We hear a lot about solar, wind, and geothermal as alternative energy sources, but what about algae?
NASA is working to develop a process by which clean energy is produced by algae that feeds on wastewater. The idea is to grow algae in floating plastic bags that would take in wastewater from treatment plants. Algae, unlike many other things, thrive off of wastewater with the ammonia and phosphates acting as a fertilizer for the plant. NASA’s idea is simple: The algae are placed in a semi-permeable plastic bag to float in the ocean. Salty and dirty ocean water flows into the bag, the algae feeds on the nutrients in the sewage, and fresh water flows out of the bag. Algae produce fatty, lipid cells loaded with oil that can be used as fuel so when the process is complete, biofuels will be made and sewage will be processed.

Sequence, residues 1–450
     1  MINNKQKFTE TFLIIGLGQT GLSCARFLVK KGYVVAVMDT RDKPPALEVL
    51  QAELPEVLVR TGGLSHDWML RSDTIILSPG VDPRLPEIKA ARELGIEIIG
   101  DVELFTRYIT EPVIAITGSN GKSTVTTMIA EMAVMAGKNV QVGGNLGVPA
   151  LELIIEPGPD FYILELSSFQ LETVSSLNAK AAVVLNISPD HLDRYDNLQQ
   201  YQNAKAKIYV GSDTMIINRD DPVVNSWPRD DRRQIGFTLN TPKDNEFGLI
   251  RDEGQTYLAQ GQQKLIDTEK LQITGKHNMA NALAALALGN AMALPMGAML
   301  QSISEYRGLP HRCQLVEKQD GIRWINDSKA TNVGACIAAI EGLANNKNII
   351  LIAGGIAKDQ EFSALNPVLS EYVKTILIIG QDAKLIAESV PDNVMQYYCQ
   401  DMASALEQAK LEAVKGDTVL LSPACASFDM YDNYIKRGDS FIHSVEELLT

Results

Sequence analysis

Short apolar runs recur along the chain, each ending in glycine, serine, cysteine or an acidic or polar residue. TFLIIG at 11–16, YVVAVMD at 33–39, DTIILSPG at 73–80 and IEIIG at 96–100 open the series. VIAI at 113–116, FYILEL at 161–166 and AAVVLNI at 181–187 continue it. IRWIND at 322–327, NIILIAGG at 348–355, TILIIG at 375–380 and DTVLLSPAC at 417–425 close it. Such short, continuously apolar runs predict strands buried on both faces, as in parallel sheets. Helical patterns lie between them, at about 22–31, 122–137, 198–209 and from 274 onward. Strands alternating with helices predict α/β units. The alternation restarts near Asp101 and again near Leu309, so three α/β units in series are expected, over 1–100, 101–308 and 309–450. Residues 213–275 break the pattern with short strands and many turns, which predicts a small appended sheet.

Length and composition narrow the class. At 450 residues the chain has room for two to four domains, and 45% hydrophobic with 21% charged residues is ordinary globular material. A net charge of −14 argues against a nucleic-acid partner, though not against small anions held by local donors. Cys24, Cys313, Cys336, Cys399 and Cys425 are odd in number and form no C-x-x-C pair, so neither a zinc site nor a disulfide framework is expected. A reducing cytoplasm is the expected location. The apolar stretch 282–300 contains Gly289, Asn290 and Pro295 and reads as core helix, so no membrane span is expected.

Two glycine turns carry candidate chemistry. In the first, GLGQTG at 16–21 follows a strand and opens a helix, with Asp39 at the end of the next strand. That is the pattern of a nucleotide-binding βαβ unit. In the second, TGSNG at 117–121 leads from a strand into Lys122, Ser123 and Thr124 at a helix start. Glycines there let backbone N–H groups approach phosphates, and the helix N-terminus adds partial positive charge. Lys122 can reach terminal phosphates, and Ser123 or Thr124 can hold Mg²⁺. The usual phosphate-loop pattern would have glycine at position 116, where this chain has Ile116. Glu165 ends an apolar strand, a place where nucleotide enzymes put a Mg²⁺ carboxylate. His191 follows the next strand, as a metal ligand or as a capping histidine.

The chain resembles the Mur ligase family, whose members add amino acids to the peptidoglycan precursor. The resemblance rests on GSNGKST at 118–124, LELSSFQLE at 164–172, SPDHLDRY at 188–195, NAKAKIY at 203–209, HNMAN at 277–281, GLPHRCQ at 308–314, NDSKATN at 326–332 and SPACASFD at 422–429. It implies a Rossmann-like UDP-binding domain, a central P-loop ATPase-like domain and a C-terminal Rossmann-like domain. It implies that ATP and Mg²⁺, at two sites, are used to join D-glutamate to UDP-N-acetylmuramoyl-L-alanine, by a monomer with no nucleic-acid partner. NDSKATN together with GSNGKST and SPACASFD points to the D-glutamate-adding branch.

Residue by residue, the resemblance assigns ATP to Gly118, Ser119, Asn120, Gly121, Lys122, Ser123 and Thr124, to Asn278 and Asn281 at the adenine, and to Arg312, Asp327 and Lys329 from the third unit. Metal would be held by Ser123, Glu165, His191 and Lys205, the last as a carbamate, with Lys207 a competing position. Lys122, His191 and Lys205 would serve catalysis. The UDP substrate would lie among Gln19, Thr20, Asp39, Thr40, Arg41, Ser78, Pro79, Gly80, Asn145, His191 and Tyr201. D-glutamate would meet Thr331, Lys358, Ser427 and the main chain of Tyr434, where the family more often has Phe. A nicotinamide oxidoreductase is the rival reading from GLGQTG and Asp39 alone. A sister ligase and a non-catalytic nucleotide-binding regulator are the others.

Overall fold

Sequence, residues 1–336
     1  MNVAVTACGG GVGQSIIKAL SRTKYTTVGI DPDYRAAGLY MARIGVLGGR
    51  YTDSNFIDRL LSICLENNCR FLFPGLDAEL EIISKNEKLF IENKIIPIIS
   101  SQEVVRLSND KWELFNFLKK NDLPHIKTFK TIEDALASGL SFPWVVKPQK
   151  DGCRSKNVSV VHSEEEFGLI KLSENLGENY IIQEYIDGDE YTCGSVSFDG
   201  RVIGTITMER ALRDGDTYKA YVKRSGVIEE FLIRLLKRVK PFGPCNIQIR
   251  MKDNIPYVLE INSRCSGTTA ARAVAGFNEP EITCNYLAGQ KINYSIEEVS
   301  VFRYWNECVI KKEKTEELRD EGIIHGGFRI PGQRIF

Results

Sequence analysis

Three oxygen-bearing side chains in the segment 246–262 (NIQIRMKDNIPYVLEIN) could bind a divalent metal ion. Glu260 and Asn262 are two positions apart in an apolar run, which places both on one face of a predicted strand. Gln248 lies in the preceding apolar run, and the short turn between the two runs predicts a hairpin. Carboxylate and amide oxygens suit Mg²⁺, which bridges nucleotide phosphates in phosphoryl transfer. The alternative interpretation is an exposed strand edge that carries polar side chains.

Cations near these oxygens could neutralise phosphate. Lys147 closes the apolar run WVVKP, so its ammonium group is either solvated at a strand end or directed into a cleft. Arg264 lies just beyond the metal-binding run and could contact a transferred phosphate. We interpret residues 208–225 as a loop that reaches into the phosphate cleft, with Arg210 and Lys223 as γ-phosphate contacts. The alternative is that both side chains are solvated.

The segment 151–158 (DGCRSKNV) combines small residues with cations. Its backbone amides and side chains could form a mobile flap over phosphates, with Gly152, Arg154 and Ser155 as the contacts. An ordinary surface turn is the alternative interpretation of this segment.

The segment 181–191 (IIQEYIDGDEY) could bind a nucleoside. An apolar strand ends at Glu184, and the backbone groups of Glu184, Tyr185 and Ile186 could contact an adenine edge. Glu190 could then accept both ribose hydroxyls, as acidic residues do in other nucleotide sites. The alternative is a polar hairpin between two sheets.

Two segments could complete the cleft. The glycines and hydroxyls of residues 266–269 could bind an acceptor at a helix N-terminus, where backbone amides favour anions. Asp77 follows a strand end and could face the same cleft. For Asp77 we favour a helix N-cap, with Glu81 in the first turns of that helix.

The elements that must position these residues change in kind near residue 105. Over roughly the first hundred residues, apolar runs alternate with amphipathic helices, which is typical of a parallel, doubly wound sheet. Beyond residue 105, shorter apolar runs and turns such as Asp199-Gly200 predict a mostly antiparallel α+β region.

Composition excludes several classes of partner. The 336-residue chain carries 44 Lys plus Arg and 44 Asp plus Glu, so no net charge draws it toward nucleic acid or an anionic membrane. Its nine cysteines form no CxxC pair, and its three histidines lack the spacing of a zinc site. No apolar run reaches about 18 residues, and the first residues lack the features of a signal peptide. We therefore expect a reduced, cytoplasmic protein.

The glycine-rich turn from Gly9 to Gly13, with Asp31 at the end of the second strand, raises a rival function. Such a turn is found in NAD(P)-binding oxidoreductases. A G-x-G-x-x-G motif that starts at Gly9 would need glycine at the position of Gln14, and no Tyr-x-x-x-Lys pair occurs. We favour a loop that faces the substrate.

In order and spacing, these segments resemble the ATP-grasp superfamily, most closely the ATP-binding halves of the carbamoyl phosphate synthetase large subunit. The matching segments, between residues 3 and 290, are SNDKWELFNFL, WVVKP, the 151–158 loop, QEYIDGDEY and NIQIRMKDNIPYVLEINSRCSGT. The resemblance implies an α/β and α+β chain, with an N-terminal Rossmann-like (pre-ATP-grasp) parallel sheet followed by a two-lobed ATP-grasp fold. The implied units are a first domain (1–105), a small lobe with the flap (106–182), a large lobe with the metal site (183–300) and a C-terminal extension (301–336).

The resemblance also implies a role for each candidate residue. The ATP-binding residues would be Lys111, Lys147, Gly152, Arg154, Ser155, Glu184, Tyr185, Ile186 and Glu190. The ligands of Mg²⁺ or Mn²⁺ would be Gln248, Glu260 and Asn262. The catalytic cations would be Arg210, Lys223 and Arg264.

Algae are also playing a big part in a creative energy process development in Montana that is bringing loggers and scientists together. Using leftover wood chips, a mechanical cow, and sunshine, developers in Montana think they can generate power, heat, steam and organic fertilizer. The process begins by burning wood chips at high temperatures in an oxygen-deprived atmosphere, which results in charcoal, rather than ash, and drives of hydrogen and carbon monoxide. The hydrogen and carbon monoxide are then pumped back into the system to burn more wood. Burning the wood chips also generates heat and carbon dioxide, which algae thrive on. Compost is created when some of the heat from making the charcoal is bled off to warm in a digester, where it helps compost an algae-wood mixture. The inputs to the process are sunshine, wood waste, and algae and the outputs are either recycled back into the process or turned into marketable products. Any resulting carbon is trapped in soils.